Revisiting Section 32(1) of the Victorian Charter: Strained Constructions and Legislative Intention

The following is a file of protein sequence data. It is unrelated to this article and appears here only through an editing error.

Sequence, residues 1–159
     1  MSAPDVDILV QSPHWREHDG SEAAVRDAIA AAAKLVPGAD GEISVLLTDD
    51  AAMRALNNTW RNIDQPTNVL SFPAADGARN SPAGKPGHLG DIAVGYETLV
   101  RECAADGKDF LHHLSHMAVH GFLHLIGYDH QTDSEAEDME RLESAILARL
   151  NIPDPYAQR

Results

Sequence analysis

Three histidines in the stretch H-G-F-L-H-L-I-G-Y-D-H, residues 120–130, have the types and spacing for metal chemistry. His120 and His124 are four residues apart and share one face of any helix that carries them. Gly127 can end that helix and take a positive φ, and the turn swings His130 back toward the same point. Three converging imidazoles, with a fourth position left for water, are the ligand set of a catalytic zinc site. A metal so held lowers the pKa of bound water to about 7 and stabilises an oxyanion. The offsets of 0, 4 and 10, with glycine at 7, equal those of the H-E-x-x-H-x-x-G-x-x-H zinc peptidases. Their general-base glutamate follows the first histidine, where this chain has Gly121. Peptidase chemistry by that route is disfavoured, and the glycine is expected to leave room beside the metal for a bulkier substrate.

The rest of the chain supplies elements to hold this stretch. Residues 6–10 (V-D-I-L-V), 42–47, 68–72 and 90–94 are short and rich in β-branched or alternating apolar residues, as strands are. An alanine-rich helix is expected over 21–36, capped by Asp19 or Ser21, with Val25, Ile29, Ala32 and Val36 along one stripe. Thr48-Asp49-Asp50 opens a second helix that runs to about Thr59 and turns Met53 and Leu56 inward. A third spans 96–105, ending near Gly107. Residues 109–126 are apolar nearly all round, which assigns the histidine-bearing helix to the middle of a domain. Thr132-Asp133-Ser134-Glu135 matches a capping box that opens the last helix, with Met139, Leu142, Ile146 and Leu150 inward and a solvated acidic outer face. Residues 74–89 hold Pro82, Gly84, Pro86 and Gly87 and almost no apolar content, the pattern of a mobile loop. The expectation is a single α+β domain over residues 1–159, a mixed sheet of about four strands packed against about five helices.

This article revisits s 32(1) of the Charter of Human Rights and Responsibilities Act 2006 (Vic). In particular, the article examines the potential ability of the courts to deploy s 32(1) to reach ‘strained’ constructions and ‘depart’ from legislative intention. This article disputes the following three propositions from the post-Momcilovic v The Queen jurisprudence in the Victorian Court of Appeal. Firstly, s 32(1) does not allow for a departure from the ‘ordinary meaning’ of a statutory provision (an ordinary meaning usually denotes a literal and grammatical, ie not strained, meaning). Secondly, s 32(1) does not allow for a departure from, or overriding of, legislative intention upon enactment. Thirdly, the qualifications placed on s 32(1) are such that it will not usually permit the ‘reading in’ or ‘reading down’ of words as techniques used to reach strained constructions. The article also argues that issues as to s 32(1)’s strength and methodology appear to have been conflated in the recent jurisprudence. It concludes that as the jurisprudence currently stands, s 32(1)’s ability to reach strained constructions is weaker than the principle of legality. This is inconsistent with s 32(1) being at least equal to the principle of legality.